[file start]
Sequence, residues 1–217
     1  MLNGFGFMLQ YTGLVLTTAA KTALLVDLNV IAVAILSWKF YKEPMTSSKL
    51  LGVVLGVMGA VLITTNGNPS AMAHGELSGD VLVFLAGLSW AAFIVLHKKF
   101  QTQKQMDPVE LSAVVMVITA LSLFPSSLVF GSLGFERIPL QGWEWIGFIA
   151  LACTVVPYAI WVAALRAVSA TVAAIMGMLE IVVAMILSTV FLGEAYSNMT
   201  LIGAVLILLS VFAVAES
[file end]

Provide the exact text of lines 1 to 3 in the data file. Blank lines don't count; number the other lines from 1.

Sequence, residues 1–217
     1  MLNGFGFMLQ YTGLVLTTAA KTALLVDLNV IAVAILSWKF YKEPMTSSKL
    51  LGVVLGVMGA VLITTNGNPS AMAHGELSGD VLVFLAGLSW AAFIVLHKKF